King Solomon had sixty armed warriors surrounding his bed every night to protect him. How do we know this?
In the Song of Songs 3:7, we are told,
“Hinei mitato shel Shlomo,” – “Behold the bed of Solomon!”
“Shishim giborim saviv lo migiborei Yisrael,” – “Sixty warriors surrounding it from amongst the mightiest men of Israel.”
We recite this verse as one of the reassuring Biblical texts that we say every night before we go to sleep in our kriat shema al hamitta, and it begs the question: is this really reassuring?
If King Solomon required sixty armed men to protect him every night then how much more vulnerable, even with the best alarm system in the world, should we feel ? Our sages in the Midrash Shir Hashirim Rabba 3:7:1 give us the answer. They tell us that actually, what King Solomon had around his bed was not armed men at all! Rather, he had the words of the Yevarechecha blessing surrounding his bed – the well known priestly blessing given to us in Parshat Nasso.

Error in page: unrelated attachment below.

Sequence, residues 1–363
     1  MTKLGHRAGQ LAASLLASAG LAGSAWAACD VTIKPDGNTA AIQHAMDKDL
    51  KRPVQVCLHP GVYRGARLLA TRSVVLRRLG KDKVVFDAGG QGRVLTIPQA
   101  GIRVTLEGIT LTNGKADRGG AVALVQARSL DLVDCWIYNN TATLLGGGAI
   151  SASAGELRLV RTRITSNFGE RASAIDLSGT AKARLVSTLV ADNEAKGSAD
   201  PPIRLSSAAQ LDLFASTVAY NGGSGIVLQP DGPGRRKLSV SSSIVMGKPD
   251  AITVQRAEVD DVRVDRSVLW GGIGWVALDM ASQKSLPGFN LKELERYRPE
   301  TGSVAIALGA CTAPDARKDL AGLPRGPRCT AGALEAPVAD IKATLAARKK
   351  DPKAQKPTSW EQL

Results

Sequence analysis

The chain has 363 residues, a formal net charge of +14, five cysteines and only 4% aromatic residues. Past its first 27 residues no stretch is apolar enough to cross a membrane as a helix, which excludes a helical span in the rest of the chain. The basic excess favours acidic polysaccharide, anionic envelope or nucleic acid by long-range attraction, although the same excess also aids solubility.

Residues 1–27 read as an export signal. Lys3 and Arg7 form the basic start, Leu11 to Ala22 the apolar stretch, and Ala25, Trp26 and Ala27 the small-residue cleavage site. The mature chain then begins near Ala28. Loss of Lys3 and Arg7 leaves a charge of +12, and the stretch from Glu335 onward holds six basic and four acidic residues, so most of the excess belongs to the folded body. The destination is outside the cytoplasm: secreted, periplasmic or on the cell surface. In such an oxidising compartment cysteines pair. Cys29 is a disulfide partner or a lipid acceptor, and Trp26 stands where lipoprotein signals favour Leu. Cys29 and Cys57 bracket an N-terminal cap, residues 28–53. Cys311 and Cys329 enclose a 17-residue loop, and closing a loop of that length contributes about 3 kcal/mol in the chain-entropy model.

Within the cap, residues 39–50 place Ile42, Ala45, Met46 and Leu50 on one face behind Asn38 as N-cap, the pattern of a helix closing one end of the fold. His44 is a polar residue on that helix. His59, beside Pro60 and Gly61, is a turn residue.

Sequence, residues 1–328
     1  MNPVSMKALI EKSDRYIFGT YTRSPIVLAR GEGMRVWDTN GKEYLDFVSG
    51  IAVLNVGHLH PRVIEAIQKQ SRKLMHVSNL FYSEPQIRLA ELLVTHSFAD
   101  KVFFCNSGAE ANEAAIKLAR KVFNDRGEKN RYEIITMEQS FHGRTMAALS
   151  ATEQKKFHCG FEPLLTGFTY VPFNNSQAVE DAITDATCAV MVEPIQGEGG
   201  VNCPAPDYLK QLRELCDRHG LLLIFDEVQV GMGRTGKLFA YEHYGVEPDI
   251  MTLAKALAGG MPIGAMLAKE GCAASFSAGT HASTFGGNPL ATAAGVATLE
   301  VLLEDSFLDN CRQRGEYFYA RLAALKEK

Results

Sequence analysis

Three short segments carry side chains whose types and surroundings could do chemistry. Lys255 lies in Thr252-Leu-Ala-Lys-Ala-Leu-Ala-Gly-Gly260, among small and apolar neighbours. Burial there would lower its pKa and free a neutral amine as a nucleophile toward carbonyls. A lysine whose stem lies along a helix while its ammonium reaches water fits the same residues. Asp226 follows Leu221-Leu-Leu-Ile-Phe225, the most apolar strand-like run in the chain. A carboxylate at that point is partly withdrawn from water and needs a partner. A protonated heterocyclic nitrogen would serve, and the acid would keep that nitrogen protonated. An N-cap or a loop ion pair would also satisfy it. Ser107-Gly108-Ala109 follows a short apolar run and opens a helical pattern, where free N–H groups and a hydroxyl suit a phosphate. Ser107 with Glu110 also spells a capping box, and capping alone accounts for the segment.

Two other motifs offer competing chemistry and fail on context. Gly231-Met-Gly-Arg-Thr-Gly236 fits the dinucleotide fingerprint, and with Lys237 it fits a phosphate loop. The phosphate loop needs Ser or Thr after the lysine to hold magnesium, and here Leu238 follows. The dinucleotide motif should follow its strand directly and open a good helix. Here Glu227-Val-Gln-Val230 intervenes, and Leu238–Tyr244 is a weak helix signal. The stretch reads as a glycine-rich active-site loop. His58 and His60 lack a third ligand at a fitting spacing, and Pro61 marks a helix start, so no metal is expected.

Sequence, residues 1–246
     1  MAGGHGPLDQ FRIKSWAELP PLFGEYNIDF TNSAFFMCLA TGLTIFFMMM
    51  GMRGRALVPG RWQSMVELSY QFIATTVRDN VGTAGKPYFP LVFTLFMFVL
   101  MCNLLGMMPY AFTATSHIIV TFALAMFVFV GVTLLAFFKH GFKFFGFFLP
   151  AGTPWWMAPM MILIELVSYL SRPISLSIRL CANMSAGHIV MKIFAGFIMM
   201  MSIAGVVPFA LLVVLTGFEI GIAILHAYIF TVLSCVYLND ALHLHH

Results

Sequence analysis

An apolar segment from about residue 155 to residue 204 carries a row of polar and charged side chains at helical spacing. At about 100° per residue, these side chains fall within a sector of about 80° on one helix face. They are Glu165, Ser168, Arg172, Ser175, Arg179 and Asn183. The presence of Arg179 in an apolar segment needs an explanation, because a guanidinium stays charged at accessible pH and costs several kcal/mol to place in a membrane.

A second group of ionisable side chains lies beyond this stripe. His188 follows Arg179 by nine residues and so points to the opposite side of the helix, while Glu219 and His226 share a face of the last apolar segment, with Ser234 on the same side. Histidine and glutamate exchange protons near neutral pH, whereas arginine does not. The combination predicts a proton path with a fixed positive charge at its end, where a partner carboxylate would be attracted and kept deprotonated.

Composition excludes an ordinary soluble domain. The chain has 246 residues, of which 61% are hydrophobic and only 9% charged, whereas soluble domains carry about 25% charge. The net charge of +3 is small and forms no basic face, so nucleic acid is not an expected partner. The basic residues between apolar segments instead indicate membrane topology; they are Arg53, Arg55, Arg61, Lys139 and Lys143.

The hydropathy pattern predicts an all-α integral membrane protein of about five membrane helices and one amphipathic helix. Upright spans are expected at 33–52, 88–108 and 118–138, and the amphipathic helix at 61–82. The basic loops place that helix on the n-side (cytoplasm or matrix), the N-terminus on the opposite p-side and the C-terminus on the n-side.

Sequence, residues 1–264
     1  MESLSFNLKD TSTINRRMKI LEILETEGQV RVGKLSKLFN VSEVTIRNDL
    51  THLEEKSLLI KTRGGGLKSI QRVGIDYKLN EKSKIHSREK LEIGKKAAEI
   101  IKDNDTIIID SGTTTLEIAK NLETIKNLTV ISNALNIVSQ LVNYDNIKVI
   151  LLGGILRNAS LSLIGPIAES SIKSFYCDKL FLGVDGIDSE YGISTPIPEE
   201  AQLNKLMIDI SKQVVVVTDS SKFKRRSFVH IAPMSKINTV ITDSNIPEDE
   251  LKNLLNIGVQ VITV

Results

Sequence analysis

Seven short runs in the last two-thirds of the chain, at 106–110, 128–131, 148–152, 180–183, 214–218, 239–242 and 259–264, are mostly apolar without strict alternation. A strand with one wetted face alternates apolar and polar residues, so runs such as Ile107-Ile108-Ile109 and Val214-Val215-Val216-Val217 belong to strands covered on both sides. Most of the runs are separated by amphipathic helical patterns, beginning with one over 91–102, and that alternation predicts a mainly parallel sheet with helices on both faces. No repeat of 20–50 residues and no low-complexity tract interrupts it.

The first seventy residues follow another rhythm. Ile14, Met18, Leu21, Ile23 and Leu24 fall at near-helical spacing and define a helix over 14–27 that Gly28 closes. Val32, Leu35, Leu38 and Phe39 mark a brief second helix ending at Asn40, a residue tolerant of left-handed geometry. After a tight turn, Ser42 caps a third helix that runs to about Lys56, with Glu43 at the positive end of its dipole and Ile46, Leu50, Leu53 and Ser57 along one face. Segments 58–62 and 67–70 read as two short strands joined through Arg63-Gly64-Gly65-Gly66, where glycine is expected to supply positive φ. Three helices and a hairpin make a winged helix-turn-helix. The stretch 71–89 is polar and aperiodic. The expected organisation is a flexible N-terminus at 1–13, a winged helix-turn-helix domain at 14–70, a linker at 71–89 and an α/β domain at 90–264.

“Yevarechecha Hashem veyishmareicha,” – “May Hashem bless you and keep you,”
“Ya’er Hashem panav eilecha vichuneka,” – “May the Lord make his face shine upon you and be gracious to you,”
“Yisa Hashem panav eilecha veyasaim lecha shalom.” – “May the Lord turn his face towards you and give you peace.”
So the letters of those words surrounded his bed. How do we get to that? It says ‘shishim giborim’ – sixty mighty warriors!
But the Midrash explains: If you count the letters of the Yevarechecha blessing, there are exactly sixty.
So here we learn something really powerful: King Solomon was the cleverest of all people and it takes a wise person to know that as powerful and as mighty as you are, you are still vulnerable. We all, whoever we are, need the blessing and the protection of Hashem.
This verse – Yevarechecha – was surely the favourite passuk of King Solomon, and the Midrash explains why. The name Shlomo, Solomon, comes from the root shalom. He was ‘ish shel shalom shelo’, a person blessed with peace. Indeed, we see that he reigned over Israel for 40 years without a single war to wage. The people were blessed with peace during his reign. The shalom which is embodied within the Yevarechecha blessing accompanied him at all times.
Our prayer therefore is: may we, through the blessings of the Kohanim (our priests), be given blessing and protection. May Hashem always shine His face upon us and give us ongoing peace.
Chief Rabbi Ephraim Mirvis